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Manufacturing consent (Afghan edition)

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I’m disturbed by the consensus-building the media are doing ahead of Obama’s Afghanistan speech. It obviously reflects a new conventional wisdom, and good liberals are engaged in the toil. We all watched the same process during the buildup to the Iraq war. And I imagine the same thing happened during Vietnam. A set of beliefs took hold. They were furthered by sage public counselors, who were more protective of their position than the public interest.

Two statements have upset me. Last week Rick Hertzberg of the New Yorker was on Chris Matthews, and put in the unfortunate position of arguing for Obama’s troop injection opposite Dennis Kucinich, as I recall. Hertzberg said in so many words, Well it’s a very confusing situation and I can’t claim to know as much as the guides whom Obama has sought out. So I defer to them. I found it disturbing because Hertzberg is a real smart cookie, and here he was saying, I will have no independent judgment, even if I find this unsettling, because these guys know more than I do. Actually, this is precisely when smart independent people have to stand up and say (as Matthews has), Wait, no, this doesn’t pass the smell test. I’ve been reading Herzl and Tolstoy lately; both these observers of court life make it clear that the councils of the great are far less intelligent than we think they are. No, they’re ordinary boobs, stumbling around with half-truths.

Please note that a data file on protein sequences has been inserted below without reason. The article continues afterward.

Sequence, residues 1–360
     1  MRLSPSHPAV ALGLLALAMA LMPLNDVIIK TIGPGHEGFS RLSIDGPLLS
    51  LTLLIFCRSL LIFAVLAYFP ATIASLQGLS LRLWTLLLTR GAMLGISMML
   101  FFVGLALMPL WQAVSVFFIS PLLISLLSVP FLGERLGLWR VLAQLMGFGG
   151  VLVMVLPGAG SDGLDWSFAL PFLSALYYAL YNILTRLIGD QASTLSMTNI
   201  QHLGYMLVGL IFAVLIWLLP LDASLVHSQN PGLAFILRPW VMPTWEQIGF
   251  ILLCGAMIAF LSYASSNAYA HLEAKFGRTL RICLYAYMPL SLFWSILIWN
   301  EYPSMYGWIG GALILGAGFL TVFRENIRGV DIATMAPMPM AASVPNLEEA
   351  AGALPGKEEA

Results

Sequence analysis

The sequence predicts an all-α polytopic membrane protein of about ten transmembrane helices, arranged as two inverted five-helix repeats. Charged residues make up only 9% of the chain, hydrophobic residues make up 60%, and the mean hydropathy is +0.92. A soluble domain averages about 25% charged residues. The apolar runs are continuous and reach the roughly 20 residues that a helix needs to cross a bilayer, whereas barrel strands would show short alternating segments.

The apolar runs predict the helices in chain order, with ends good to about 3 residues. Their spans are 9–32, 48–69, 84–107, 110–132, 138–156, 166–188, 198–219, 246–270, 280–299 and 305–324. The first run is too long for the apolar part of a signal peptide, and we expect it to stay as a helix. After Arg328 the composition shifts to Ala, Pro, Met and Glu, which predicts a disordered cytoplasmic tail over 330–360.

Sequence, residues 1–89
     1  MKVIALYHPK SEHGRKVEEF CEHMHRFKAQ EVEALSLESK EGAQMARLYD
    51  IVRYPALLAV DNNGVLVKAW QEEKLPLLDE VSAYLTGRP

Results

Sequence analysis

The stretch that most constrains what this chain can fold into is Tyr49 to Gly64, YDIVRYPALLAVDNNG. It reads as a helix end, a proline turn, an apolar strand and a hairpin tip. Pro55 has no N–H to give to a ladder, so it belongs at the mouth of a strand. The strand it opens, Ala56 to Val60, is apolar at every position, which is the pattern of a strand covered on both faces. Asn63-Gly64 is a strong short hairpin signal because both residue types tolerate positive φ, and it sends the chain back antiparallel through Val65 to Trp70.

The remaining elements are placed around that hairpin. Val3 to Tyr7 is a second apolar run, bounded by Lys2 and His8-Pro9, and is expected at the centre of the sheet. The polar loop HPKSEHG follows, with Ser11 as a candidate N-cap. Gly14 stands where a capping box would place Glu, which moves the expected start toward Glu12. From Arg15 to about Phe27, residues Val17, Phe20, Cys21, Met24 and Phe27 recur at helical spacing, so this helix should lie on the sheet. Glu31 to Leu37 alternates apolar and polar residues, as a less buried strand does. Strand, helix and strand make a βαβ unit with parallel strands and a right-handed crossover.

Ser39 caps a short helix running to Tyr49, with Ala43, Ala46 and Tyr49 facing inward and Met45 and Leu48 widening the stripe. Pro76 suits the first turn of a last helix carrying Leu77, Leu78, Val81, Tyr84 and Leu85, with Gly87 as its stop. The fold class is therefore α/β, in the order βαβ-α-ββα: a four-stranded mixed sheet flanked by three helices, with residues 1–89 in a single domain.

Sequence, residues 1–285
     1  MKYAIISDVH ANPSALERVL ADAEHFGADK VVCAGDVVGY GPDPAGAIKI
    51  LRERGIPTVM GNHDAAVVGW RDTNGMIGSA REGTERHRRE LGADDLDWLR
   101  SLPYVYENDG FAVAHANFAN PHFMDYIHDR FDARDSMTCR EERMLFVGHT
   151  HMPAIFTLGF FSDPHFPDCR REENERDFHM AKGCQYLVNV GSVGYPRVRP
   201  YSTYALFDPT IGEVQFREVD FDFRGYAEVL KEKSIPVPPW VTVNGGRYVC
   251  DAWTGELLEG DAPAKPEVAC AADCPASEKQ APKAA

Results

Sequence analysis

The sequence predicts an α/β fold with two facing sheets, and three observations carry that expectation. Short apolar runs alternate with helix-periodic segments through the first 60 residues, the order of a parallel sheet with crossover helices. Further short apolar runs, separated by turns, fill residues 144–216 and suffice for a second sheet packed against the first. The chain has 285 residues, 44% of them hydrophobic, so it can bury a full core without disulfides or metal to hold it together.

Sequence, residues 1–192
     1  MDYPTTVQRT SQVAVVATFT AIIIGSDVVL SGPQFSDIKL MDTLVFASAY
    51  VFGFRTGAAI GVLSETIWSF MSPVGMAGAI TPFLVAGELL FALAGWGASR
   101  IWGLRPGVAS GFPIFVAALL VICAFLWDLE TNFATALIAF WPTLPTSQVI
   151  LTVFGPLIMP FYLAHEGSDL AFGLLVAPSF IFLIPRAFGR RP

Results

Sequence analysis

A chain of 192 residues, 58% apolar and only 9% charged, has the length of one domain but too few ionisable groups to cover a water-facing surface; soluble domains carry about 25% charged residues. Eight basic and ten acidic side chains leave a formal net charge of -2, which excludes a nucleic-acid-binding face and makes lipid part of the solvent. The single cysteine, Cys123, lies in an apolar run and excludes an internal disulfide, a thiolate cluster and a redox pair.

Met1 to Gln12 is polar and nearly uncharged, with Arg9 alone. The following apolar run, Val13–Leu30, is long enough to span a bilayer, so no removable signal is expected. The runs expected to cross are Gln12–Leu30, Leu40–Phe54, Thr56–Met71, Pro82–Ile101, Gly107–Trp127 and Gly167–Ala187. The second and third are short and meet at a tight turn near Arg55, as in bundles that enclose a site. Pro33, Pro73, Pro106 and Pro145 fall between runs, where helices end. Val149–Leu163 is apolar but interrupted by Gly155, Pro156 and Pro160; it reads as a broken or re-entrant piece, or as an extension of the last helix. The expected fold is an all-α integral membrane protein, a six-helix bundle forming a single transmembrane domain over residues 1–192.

Then this morning I heard Cokie Roberts on NPR softening the way for the Obama push by comparing him to George Washington at the time of the end of the Revolutionary War. Washington had to hold an army together after an 8 year war that had drained public patience while the peace was negotiated in England. He did so from West Point, Roberts said–as Obama is speaking at West Point. And now patience is required again.

I wonder who supplied this historical hokum to Roberts; and I won’t begin to tear apart the failures of the analogy. Roberts was mythologizing Obama to make his decision that much more palatable to the liberals who listen to NPR.

There’s only one answer to this. Bring back the draft. Force the elites, who construct conventional wisdom as a kind of parlor game, to experience something of the pain that we are forcing on a new soldier class in our society. Then there would be a more vigorous and open conversation.

Philip Weiss

Philip Weiss is senior editor of and founded the site in 2005-06.

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